Sizeable Support: G-C wins $1.5 million grant for mental health services


GREENFIELD — The Greenfield-Central School Corp. was recently awarded a $1.5 million grant from the U.S. Department of Education to support school-based mental health initiatives.

Supt. Harold Olin said the district will receive approximately $300,000 each year over the next five years, which will be used to hire and retain social workers to support students struggling with issues both at school and at home.

The district was notified Monday, Jan. 23 that it was among the 102 winning grant recipients throughout the country to receive part of the School Based Mental Health Services grants, totalling close to $144 million.

It was among only three Indiana school districts to receive funding, along with Hamilton Southeastern and Richland-Bean Blossom Community Schools.

“We had to undergo a lengthy application process,” said Olin, who credits Robin LeClaire, the corporation’s director of student services, for securing the sizable award.

LeClaire said the grants address the increased need for mental health services that school districts have been experiencing across the country since the onset of the COVID pandemic.

“This grant allows us to hire staff and make sure that we have the proper training and resources for that staff, which will make a huge difference in the kind of support we can provide,” she said.

While Greenfield-Central has at least one counselor at each of its schools to provide mental health support, not all schools have a social worker on staff.

The district currently employs four social workers — one at Maxwell Intermediate School, one at the junior high school, one at the Academy and one who floats between Harris Elementary and Greenfield Intermediate schools.

With the federal grant funds, LeClaire said the district will hire three additional social workers — one to serve the junior high and high school, one to serve preschool students and another to serve special education students.

The grant will also enable the school system to retain social workers who were hired with Elementary and Secondary School Emergency Relief (ESSER) funds, pandemic-related funds which will run out next year.

Part of the $1.5 million in federal grant money will be used to pay for training and resources for Greenfield-Central’s social workers and counselors, who support students as they continue to navigate life after COVID.

Olin said the pandemic and its aftermath caused an undue amount of stress for both students and adults.

“The pandemic led to food uncertainties and unemployment for many families, and for two years students were not having the consistency of going to school, which meant that some did not have access to caring adults outside the home. It’s been a stressful time for everyone,” he said.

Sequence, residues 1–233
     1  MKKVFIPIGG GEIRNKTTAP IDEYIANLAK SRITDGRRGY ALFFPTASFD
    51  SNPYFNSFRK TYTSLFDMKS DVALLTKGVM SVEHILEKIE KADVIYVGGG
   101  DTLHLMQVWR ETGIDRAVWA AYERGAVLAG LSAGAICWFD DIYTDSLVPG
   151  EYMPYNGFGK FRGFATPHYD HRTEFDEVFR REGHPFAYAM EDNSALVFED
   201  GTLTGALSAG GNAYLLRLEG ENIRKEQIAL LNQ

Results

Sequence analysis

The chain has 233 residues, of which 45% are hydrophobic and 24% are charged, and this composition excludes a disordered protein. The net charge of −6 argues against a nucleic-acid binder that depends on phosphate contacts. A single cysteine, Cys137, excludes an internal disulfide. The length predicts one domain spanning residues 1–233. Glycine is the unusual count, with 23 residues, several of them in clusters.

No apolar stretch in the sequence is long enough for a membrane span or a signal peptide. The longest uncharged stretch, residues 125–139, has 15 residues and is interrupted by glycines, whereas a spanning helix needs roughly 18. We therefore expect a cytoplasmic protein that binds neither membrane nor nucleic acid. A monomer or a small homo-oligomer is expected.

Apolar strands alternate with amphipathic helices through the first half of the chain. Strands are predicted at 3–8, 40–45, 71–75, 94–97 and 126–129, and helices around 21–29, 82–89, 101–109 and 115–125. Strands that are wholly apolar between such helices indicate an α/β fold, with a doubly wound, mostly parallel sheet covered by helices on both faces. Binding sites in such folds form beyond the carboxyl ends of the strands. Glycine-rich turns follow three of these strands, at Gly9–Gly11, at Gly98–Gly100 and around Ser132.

“Our goal is for students to learn. We know that if students aren’t in the right state of mind then they’re not learning what they need to be learning, so we want to provide them with the services and support they need.”

To address the need for enhanced mental health services in local schools, LeClaire gathered nine letters of support for the most recent grant from local leaders including State Sen. Mike Crider, State Rep. Bob Cherry and Steve Long, president of Hancock Health.

“We’re very grateful to our partners who were willing to go that extra mile to support us. (Winning the grant) was really a community team effort,” she said.

Olin commended community leadrs for recognizing the need for ongoing support, adding that mental health issues in the schools can show up in a number of ways.

“It can show up in attendance, it can show up in discipline issues, or in the number of visits we see students making to counselors and social workers,” he said.

While some students struggled with the inconsistency of virtual learning and in-school learning throughout the pandemic, LeClaire said some continue to struggle with being back in school full-time.

“Many students struggle with being back in that in-person, non-flexible schedule, so (school counselors and social workers) can help them with some coping mechanisms,” she said.

Mental health staff in the schools not only talk with students but can offer additional resources within the county, based on their areas of need.

LeClaire said the addition of a social worker for the district’s preschoolers can help catch some issues early, and expedite getting students and families the support they need. Hopefully by getting that support and intervention early, we’ll see less need for that support as the years go by,” she said.